HollywoodChicago.com RSS   Facebook   HollywoodChicago.com on Twitter   Free Giveaway E-mail   

Torturous, Awful ‘Bucky Larson: Born to Be a Star’

Printer-friendly versionPrinter-friendly versionE-mail page to friendE-mail page to friendPDF versionPDF version
Average: 3.4 (5 votes)
HollywoodChicago.com Oscarman rating: 0.5/5.0
Rating: 0.5/5.0

CHICAGO – Adam Sandler lost a bet. How else to explain the existence of “Bucky Larson: Born to Be a Star,” a movie that no one but the man behind Happy Madison would possibly finance? If you took this script (co-written by Little Nicky himself) to any sane film producer, they would assume you were pulling a prank. When you told them the shockingly untalented Nick Swardson was attached as the lead, they’d call security. And yet here it is, one of the worst comedies of all time. Must have been a hell of a gamble that resulted in this comedic abomination.

“Bucky Larson: Born to Be a Star” is awful on two levels. First, there’s the to-be-expected juvenile humor that thinks saying “YouPube” instead of YouTube and “Erection” instead of action qualifies as writing a joke. But bad writing is merely half the problem with this laugh-free excuse for a comedy. The second level of awful comes courtesy of some of the worst direction I’ve seen in a major cinema in years. “Bucky Larson” contains some comic timing so horrendous that it practically approaches Ed Wood or Tommy Wiseau pacing. Lines are said and then everyone stands around, as if you can see them waiting for someone to call cut. It’s obvious something this puerile doesn’t need a lot of character development but director Tom Brady (not the New England Patriot, I hope) doesn’t seem competent enough on basic tools of direction like camera placement, continuity, blocking, and, most importantly, how to produce a laugh. It’s like he called action and went to get a coffee. Or something stronger.

Bucky Larson: Born to Be a Star
Bucky Larson: Born to Be a Star
Photo credit: Sony Pictures

The title character is played by the abrasive and annoying Swardson as a buck-toothed man-child. He’s grown up in Iowa, where he’s been sheltered from every element of the real world, especially sex. When he learns that his parents weren’t just kind-hearted yokels but actually had former lives as porn stars Rosie Bush and Dick Spraysium, he decides that his destiny is to be an actor in “nude” movies – never mind that he’s never had sex and has a penis so small that a straw can be used as a condom (not a joke on my part but in the actual movie…and not a joke there really either). Bucky packs his bags and gets on the bus to Hollywood, determined to follow in the footsteps of his infamous parents.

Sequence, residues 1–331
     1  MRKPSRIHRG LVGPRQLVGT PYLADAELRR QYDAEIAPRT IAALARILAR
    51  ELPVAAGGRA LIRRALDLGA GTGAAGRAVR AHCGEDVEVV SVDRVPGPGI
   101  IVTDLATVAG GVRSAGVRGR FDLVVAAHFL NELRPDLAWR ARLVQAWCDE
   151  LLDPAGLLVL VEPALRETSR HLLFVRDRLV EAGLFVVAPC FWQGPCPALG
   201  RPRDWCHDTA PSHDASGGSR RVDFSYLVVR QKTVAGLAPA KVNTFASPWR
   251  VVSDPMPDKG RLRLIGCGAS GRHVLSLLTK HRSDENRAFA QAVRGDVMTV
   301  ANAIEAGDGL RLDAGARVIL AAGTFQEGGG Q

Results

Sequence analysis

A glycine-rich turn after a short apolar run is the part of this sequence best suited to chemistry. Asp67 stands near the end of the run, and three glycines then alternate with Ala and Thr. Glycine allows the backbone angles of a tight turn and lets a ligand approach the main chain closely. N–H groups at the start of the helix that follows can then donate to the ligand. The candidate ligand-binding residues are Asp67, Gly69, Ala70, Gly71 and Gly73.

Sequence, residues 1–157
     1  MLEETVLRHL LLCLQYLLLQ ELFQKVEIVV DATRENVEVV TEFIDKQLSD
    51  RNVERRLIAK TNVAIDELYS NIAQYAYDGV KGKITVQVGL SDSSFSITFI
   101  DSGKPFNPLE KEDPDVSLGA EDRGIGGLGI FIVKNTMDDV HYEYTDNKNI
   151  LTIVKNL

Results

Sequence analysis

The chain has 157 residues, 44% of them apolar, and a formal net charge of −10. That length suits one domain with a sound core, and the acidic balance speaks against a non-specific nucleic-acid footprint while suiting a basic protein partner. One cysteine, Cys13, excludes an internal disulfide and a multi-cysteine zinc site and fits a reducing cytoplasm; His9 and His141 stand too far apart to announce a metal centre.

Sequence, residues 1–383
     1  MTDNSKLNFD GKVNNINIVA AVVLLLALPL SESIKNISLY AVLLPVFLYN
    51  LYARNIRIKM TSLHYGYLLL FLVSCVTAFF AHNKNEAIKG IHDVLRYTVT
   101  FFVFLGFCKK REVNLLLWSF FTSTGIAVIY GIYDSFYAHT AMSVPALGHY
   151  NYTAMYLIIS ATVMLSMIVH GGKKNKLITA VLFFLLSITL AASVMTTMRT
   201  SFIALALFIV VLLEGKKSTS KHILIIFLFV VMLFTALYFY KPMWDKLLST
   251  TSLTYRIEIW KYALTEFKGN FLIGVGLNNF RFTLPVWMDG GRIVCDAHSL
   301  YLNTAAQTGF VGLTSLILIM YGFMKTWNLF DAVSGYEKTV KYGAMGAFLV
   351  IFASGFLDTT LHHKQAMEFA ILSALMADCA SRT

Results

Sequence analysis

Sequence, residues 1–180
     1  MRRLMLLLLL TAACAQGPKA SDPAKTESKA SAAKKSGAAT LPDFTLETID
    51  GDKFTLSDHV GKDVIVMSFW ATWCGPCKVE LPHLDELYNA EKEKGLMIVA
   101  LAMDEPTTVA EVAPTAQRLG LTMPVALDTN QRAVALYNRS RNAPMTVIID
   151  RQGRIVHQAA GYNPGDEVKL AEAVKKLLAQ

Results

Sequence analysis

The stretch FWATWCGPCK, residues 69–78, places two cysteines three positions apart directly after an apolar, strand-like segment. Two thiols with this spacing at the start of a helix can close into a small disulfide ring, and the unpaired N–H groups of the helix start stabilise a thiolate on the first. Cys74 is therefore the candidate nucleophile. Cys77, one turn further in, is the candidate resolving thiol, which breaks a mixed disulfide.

Of course, the city of angels isn’t exactly kind to dear Bucky, but he finds comfort in the sweet girl next door, a wide-eyed waitress named Kathy (Christina Ricci, apparently owing the devil one more movie before moving on to TV). After dropping his pants and masturbating at a mac & cheese commercial audition, Larson stumbles into the porn industry, crossing paths with the nefarious actor/producer Dick Shadow (Stephen Dorff, who clearly wanted to do as much as possible to eliminate any goodwill after his career comeback in last year’s “Somewhere”) and eventually becoming the savior for aging director Miles Deep (Don Johnson). Even though Bucky has an immeasurably small unit and shoots his load purely on the sight of the female breast, he becomes a breakout star – the idea being that boyfriends and husbands look better after women see Bucky’s movies.